I went to Christian Assembly Church this evening from something I found in the last bulletin called “Worship Watch”. I was expecting another prayer meeting type thing kind of like the Focus 2009 that we had last Friday and Saturday. Instead, what I got was some crazy experiment that the worship band, singers, and dancers were conducting called prophetic worship.
Prophetic Worship is spontaneous worship of the Lord without any kind of agenda to it at all. Nobody follows a script or a plan, everyone expresses what he feels the Lord wants to express through him. If it is truly the Holy Spirit directing the proceedings, then we will not see aimless movement like figurines in electric football. Instead, the worship will have a surprisingly tight coherence to it.
We were first shown a video of prophetic worship as practiced by another church. It was a kind of weird sight, and we didn’t know what to make of it.
Then the time came to actually conduct the experiment. We were separated into three groups of band, singers, and dancers. The band was invited to think like dancers, the dancers were invited to think like singers, and the singers were invited to think like the band. They were all bade to do something on the theme of “God’s Majesty”. While everybody was discussing among themselves how best to convey that concept to the congregation through their music and dancing, all of a sudden I was struck with the crazy idea to convey that idea using what I do best.
I felt like I had to do it. The whole theme of the night was allowing God to take your talent and speak to the congregation through it.
So, while the Christian Assembly Orchestra (my name for the band) was doing what they felt led of God to do, and the singers up on the platform were doing what they felt led of God to do, and the dancers were doing what they felt led of God to do, I engaged in something that was much like the Artists’ Ambushes that furry artists would do in the Rue de Lernae in FurryMUCK on Wednesday nights. I drew a fast pencil sketch, trying to express my take on God’s majesty.
The sketch was extremely rough, that of several human figures dancing with colored silks in front of the Throne of God, but I don’t think I did too badly for the 15 minutes I had.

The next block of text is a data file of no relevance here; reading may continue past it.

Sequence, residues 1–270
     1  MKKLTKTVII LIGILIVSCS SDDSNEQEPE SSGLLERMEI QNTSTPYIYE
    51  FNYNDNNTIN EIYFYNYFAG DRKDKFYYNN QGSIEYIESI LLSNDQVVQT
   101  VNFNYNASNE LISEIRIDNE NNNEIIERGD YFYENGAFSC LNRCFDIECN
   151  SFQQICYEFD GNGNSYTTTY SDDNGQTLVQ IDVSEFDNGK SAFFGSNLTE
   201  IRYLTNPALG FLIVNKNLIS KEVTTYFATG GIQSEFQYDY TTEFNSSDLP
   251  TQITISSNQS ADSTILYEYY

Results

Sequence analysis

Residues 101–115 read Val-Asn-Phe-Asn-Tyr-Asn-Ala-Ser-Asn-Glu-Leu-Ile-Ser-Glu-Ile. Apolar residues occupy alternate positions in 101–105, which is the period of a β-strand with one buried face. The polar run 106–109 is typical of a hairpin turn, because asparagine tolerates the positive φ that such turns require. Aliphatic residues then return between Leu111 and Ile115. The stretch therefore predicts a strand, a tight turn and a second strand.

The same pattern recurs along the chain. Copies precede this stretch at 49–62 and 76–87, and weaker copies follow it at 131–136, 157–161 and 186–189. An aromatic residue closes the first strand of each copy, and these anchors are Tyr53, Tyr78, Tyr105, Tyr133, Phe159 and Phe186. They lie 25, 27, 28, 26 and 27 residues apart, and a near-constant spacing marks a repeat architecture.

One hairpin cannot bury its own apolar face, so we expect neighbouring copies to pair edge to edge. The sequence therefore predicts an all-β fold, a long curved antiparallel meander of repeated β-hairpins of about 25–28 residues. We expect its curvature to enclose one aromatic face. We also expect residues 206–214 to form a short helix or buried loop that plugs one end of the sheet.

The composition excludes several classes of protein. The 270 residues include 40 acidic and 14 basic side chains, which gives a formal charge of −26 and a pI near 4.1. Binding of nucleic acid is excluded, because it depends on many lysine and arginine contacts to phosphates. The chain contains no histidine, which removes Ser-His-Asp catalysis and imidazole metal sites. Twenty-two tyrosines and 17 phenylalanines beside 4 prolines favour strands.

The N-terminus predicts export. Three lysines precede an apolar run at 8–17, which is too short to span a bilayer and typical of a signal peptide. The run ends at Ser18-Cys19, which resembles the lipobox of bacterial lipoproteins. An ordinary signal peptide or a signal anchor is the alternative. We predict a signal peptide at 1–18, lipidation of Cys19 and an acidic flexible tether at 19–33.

The first exercise in Prophetic Worship started kinda timidly, like everybody was suffering from “flop sweat”, and trying to get a feel for it and sort out their place in the proceedings. The band kicked off with a kind of tribal drums motif, heavy on the tom-toms and conga drums. Then the piano kind of timidly joined in conservatively. One woman up on the stage sang of swinging wide the gates of heaven and receiving our great and glorious King. The dancers ambled up the center aisle of the sanctuary in a kind of swaying elephant dance until they got up to the stage platform.
During this first exercise I was again moved to create, this time in the form of free verse poetry:
Swing wide the gates of Heaven.
Prepare for the return of a great and conquering hero.
The horses come, the chariot comes.
Make ready the way of our King!
He comes in glory, He comes in majesty.
He comes ready to reward the faithful.
Welcome Him into your presence.
This is remarkable. To me, this proves that writers and graphic artists need not feel like the odd man out in a Spirit-led worship service. God moves and communicates through the congregation through them, too.
The second exercise had more of a warlike martial arts feel to it. The band opened with a stronger tribal drums motif, the dancers arrayed themselves more like an army with tall flags and quarterstaffs and at one point even drew them out like swords. The audio-visual people up in the control booth even got into the act, calling up and playing video of various national flags and peoples on the two big video screens at the front of the sanctuary. It’s cool what those video people can do. Kinda makes me wonder what resources they have available.
I am so there next Tuesday night. This is the first thing that we did since Northland Jubilee to which I can apply the dreaded F-word. Fun! I can’t wait.